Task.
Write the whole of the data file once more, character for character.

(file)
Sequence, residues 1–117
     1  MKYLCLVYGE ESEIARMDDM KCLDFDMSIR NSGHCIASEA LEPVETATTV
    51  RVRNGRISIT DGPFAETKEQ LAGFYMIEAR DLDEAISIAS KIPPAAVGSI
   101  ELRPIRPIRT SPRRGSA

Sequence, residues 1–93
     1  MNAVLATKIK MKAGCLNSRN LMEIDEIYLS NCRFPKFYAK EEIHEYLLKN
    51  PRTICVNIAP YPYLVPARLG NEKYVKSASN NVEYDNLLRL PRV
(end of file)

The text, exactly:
Sequence, residues 1–117
     1  MKYLCLVYGE ESEIARMDDM KCLDFDMSIR NSGHCIASEA LEPVETATTV
    51  RVRNGRISIT DGPFAETKEQ LAGFYMIEAR DLDEAISIAS KIPPAAVGSI
   101  ELRPIRPIRT SPRRGSA

Sequence, residues 1–93
     1  MNAVLATKIK MKAGCLNSRN LMEIDEIYLS NCRFPKFYAK EEIHEYLLKN
    51  PRTICVNIAP YPYLVPARLG NEKYVKSASN NVEYDNLLRL PRV